Baltimore Ravens

Ravens defense limits explosive Steelers passing game

Ravens cornerback Jimmy Smith (22) intercepts a pass intended for Pittsburgh Steelers wide receiver Antonio Brown (84) during the fourth quarter.

Lardarius Webb knew the Pittsburgh Steelers were coming to Baltimore Sunday as hot as any offense in the NFL, and that the world viewed it as a nightmare matchup for a defense that has often allowed chunks of yardage and long scores this season.

He liked it that way, and Webb's premonition that the Ravens could keep the Steelers offense in check, as they have for the past several years, proved true in Sunday's 20-17 win at M&T Bank Stadium.


The Ravens defense held the Steelers and quarterback Ben Roethlisberger to 215 passing yards, his fewest in a full game this season, and forced two.

"I thought we had them all week where we wanted them," Webb said. "With our record, 4-10, they came in and thought that it was going to [be] bombs over Baghdad against us. That's when we had them. So with them thinking that all week, we were thinking we were going to beat them, and we knew it. Guys came out and showed it."


Pittsburgh had scored 30 points or more in six straight games, with a healthy Roethlisberger and trio of receivers — Antonio Brown, Martavis Bryant and Markus Wheaton — terrorizing even the NFL's best secondaries.

Yet the Steelers began the game running the ball against Ravens sets that were heavy with defensive backs. The Steelers had success early, rushing for 90 yards on 11 carries in the first half, but never really got into a rhythm throwing the ball.

"We want to make them run the ball, and we were definitely OK with trying to stop the run with just six people in the box," nose tackle Brandon Williams said. "We believe what they can do in the back end, they believe what we can do in the front end, and that's what we tried to do."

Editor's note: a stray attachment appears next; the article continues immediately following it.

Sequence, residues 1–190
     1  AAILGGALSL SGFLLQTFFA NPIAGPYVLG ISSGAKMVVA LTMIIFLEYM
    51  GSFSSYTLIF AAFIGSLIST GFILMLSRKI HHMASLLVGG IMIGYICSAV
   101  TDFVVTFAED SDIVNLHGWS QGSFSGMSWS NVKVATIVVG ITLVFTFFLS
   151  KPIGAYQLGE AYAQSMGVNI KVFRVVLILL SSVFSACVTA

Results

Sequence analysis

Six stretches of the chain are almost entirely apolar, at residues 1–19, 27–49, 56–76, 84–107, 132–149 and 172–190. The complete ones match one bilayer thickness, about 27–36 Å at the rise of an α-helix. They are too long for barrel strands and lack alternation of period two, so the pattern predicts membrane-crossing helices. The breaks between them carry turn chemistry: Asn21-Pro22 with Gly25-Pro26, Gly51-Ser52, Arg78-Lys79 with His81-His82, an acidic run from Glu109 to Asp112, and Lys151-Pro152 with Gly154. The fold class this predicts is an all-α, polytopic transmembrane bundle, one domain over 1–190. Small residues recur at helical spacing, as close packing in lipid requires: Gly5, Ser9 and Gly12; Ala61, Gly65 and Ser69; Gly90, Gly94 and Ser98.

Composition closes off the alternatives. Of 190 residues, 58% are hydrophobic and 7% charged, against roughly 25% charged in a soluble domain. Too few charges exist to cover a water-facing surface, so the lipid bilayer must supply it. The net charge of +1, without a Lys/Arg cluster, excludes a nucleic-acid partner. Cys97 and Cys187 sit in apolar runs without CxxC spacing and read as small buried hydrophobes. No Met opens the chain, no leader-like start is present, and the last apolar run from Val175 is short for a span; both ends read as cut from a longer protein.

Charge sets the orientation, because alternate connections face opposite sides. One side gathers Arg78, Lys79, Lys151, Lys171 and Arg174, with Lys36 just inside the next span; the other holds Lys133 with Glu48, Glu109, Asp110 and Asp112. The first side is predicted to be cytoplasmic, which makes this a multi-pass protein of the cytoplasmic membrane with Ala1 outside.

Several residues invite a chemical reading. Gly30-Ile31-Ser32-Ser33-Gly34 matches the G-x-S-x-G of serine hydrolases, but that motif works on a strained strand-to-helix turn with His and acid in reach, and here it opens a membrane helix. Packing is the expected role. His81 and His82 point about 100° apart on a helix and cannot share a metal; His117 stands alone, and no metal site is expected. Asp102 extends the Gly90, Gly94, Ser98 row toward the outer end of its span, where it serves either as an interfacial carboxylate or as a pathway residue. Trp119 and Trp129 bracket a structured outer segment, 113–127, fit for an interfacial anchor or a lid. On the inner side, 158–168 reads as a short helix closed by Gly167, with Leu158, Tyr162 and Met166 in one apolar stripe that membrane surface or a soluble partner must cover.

Roethlisberger had seven completions for 66 yards in the first half, threw an interception to Daryl Smith in the second quarter and competed a pass to Brown down the field once — a 27-yard gain that came after cornerback Jimmy Smith fell down in the first quarter.

Otherwise, the Ravens were able to keep the Steelers' speedy receivers in front of them. That responsibility went to several players in new or expanded roles.

Webb, who has shifted from being an outside cornerback to playing exclusively in the slot and as a deep safety in the past two weeks, saw his most extensive time at safety. Veteran cornerback Kyle Arrington, who returned after missing last week with a back injury, played effectively in the slot in Webb's place. And cornerback Shareece Wright locked down his side of the field.

With safety Kendrick Lewis playing closer to the line of scrimmage and Will Hill shuttling on and off the field for Webb, the entire veteran secondary was tasked with keeping the Steelers in front of them.

"It was basically don't let [Brown] or [Bryant] beat you," Webb said. "Both of those guys are having outstanding years. Ever since [Bryant] got back from his suspension, he's been on fire. The guy that controls everything is [Roethlisberger], and the way our front seven played today, they controlled [him], so we kind of controlled the game."


Brown, the NFL's leading receiver entering the game, finished with seven catches on 11 targets for 61 yards. Wheaton had three catches for 41 yards, and Bryant was held to one catch for six yards. Nearly half of Roethlisberger's 215 passing yards came on short passes to tight end Heath Miller (five catches, 49 yards) and running back DeAngelo Williams (six, 53).

The Ravens secondary's performance wasn't without flaws — three pass interference penalties in the second half led directly to two Steelers touchdowns. On Pittsburgh's opening drive of third quarter, Jimmy Smith tugged Bryant back on a deep route and received a 29-yard penalty. Lewis had a penalty three plays later on Brown in the end zone, and Smith was flagged for pass interference on Wheaton in the end zone in the fourth quarter.

Those penalties swung plays in Pittsburgh's favor, but Smith also had a key fourth-quarter interception, and could have had more had he not dropped a surefire interception in the second quarter and had one he returned for a 101-yard touchdown nullified by a penalty.

The Ravens' interceptions, their first since Week 10, resulted in points. It was a proud weekend for a defense that has been under scrutiny all year.

"Let's give credit to our pressure, but also to our coverage," coach John Harbaugh said. "Our coverage held on for that click or two that gave those guys a chance to get there. You talk about eyes on your luggage, discipline, doing your job, covering your guy all over the field, even through scrambles — it was really just a heck of a performance."